- Their benefits are limited. They usually reduce the time your child is sick by 1 to 1.5 days. They reduce the symptoms, but do not make them go away.
- Side effects: Vomiting in 10% of children.
Return to School
- Your child can return to school after the fever is gone for 24 hours. Your child should feel well enough to join in normal activities.
- Spread is rapid. The time it takes to get the flu after contact is about 2 days. The range is 1 to 4 days. The virus is easily passed to others.
|CARE ADVICE FOR SEASONAL INFLUENZA|
- What You Should Know:
- Flu symptoms include cough, sore throat, runny nose, and fever. During influenza season, if your child has these symptoms, he probably has the flu.
- Special tests are not needed. Usually, you don't need to call or see your child's doctor.
- If your child develops a complication of the flu, then call your child's doctor. Examples are an earache or trouble breathing. These problems are included in the "When to Call Your Doctor" section.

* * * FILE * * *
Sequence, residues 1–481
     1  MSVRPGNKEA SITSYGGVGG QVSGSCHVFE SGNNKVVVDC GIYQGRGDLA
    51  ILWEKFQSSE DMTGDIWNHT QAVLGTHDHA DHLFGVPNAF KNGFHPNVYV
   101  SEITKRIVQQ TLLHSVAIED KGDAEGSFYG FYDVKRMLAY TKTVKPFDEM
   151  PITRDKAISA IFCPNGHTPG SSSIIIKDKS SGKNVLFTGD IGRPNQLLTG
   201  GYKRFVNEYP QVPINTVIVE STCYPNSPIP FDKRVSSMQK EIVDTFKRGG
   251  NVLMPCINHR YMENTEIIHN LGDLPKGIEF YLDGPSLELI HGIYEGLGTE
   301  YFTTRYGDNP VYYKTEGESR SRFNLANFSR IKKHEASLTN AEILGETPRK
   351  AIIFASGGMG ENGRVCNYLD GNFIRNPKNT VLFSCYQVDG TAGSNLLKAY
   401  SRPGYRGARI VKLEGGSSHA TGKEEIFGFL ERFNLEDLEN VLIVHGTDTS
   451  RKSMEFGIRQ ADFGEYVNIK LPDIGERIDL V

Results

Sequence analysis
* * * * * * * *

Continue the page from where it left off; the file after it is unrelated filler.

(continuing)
- For healthy people, the symptoms of influenza are like those of a common cold.
- With flu, however, the onset is more abrupt. The symptoms are more severe. Feeling very sick for the first 3 days is common.
- The treatment of influenza depends on your child's main symptoms. It is no different from treatment used for other viral colds and coughs.
- Bed rest is not needed.
- Here is some care advice that should help.
- Runny Nose with Lots of Discharge: Blow or Suction the Nose
- The nasal mucus and discharge is washing germs out of the nose and sinuses.
- Blowing the nose is all that's needed.
- For younger children, gently suction the nose with a suction bulb.
- Put petroleum jelly on the skin under the nose. Wash the skin first with warm water. This will help to protect the nostrils from any redness.
- Nasal Washes To Open a Blocked Nose:
- Use saline nose drops or spray to loosen up the dried mucus. If you don't have saline, you can use warm tap water.
- STEP 1: Put 3 drops in each nostril. (If age under 1 year old, use 1 drop. Also, do 1 side at a time.)
- STEP 2: Blow (or suction) each nostril out while closing off the other nostril. Then, do the other side.